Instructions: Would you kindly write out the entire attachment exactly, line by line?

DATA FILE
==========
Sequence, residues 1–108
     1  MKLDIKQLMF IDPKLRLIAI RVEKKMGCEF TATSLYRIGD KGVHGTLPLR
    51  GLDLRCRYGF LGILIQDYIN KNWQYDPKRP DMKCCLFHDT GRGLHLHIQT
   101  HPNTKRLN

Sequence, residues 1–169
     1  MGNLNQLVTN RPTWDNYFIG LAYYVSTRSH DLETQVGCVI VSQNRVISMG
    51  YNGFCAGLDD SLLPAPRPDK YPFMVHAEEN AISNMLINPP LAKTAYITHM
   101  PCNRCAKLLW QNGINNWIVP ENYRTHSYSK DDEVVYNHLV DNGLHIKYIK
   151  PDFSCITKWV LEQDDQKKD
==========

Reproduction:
Sequence, residues 1–108
     1  MKLDIKQLMF IDPKLRLIAI RVEKKMGCEF TATSLYRIGD KGVHGTLPLR
    51  GLDLRCRYGF LGILIQDYIN KNWQYDPKRP DMKCCLFHDT GRGLHLHIQT
   101  HPNTKRLN

Sequence, residues 1–169
     1  MGNLNQLVTN RPTWDNYFIG LAYYVSTRSH DLETQVGCVI VSQNRVISMG
    51  YNGFCAGLDD SLLPAPRPDK YPFMVHAEEN AISNMLINPP LAKTAYITHM
   101  PCNRCAKLLW QNGINNWIVP ENYRTHSYSK DDEVVYNHLV DNGLHIKYIK
   151  PDFSCITKWV LEQDDQKKD